TSI East Brunswick, LLC v. East Brunswick Bd. of Adj., 215 N.J. 26 (2013). The Municipal Land Use Law (“MLUL”), N.J.S.A. 40:55D-70(d)(3), authorizes applications for conditional use variances. A conditional use is one that is permitted by ordinance provided that the applicant meets all the conditions for that use that the ordinance prescribes. An applicant who cannot meet all the conditions for such a use can seek a conditional use variance. This is in contrast to a use variance, which seeks permission for a use that is otherwise forbidden in the zone. Both use variances and conditional use variances require proof of both the “positive criteria” (that is, “special reasons” for the grant of a variance) and the “negative criteria” (that is, no “substantial detriment to the public good … [or] substantial[ ] impair[ment of] the intent and purpose of the zone plan and zoning ordinance”) of N.J.S.A. 40:55D-70(d).
In Medici v. BPR Co., 107 N.J. 1 (1987), the Supreme Court held that proof of the positive and negative criteria in connection with a use variance would be governed by an enhanced standard. That was because use variances are disfavored, and the policy is to “prevent the improper use of the variance power” in order to avoid piecemeal use variances, whose cumulative effect would be to undercut the zoning ordinance’s specification of permitted uses. In Coventry Square, Inc. v. Westwood Bd. of Adj., 138 N.J. 285 (1994), which involved conditional use variances, the Court decided that, as to the positive criteria, the Medici enhanced standard of proof would not apply. The Court reasoned that conditional use variances are very unlike use variances, since the latter seeks approval of a prohibited use, while the former seeks a deviation only from conditions on an otherwise allowable use.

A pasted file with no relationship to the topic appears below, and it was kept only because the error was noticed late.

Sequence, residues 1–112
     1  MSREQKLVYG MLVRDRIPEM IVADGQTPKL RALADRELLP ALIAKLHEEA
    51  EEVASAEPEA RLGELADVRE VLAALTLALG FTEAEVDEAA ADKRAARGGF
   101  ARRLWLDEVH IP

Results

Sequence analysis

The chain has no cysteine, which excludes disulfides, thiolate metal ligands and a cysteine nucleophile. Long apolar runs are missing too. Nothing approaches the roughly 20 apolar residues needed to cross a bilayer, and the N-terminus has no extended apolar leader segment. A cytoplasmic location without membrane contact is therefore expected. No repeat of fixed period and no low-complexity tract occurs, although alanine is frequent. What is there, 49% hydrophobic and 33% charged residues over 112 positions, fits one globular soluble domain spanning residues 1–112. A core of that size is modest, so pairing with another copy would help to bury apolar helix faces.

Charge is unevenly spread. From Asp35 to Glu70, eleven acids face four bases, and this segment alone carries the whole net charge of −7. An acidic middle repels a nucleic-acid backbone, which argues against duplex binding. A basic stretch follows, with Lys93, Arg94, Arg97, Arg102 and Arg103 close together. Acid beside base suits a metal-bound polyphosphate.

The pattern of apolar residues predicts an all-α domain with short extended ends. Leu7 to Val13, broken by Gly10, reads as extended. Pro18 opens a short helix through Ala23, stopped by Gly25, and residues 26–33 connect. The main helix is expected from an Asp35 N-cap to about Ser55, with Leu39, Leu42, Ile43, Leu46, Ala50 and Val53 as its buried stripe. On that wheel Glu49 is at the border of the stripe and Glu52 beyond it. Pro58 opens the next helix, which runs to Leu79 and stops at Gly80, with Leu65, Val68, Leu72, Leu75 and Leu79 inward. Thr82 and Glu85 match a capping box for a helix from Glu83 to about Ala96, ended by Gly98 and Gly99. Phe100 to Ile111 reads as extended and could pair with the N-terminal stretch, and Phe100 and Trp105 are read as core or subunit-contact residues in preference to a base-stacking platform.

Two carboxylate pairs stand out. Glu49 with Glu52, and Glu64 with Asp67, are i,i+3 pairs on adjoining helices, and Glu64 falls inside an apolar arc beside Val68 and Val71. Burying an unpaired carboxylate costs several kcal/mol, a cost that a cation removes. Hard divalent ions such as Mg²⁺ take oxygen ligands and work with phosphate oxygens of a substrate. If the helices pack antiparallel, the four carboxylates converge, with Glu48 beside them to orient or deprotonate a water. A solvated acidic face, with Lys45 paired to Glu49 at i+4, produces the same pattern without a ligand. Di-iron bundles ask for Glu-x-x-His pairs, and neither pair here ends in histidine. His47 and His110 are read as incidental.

The issue in today’s case was whether the stricter Medici standard of proof or the more relaxed Coventry Square regime is applicable to the negative criteria on a conditional use variance application. In an opinion by Justice Hoens, the Court concluded that the Coventry Square standard would govern the negative as well as the positive criteria. Justice Hoens gave three reasons for that result.
First, the same policy that led the Court in Coventry Square to reject the strict Medici standard applied here. A use variance “proceeds in the context of a use that the governing body has prohibited,” while a conditional use variance “proceeds in the context of a use that, if it complies with certain conditions, is permitted,” which is “an entirely different premise.”
Second, though plaintiff, an objector to the conditional use variance application, had asserted that Appellate Division cases on this issue were split and/or differed with Coventry Square, neither of those contentions was correct. Justice Hoens analyzed each of the cases and showed that there was no inconsistency.
Finally, plaintiff had relied heavily on Cox & Koenig, New Jersey Zoning and Land Use Administration. The authors, whom the Court characterized as “the leading commentators on the MLUL,” had stated that nothing in Coventry Square suggested that the enhanced quality of proof of the negative criteria that Medici announced would not also apply to conditional use variances, and that “the rationale for such enhanced quality of proof applies with equal force” to conditional use variances. Justice Hoens disagreed. The authors’ view would “effectively erase the distinction that a conditional use creates.”
This was the correct decision. Conditional uses are different, as the MLUL recognizes, and the Coventry Square rationale applies equally to both the positive and negative criteria. The use variance context in which the Medici test arose is a unique one, and even there, as Justice Hoens observed, the Court later made Medici inapplicable to use variances involving “inherently beneficial” uses, in Sica v. Wall Tp. Bd. of Adj., 127 N.J. 152 (1992) [Disclosure: I argued in the Supreme Court on behalf of the successful plaintiff in Sica]. To the extent that today’s decision further limits Medici to its own context, the Court has moved the law in the proper direction.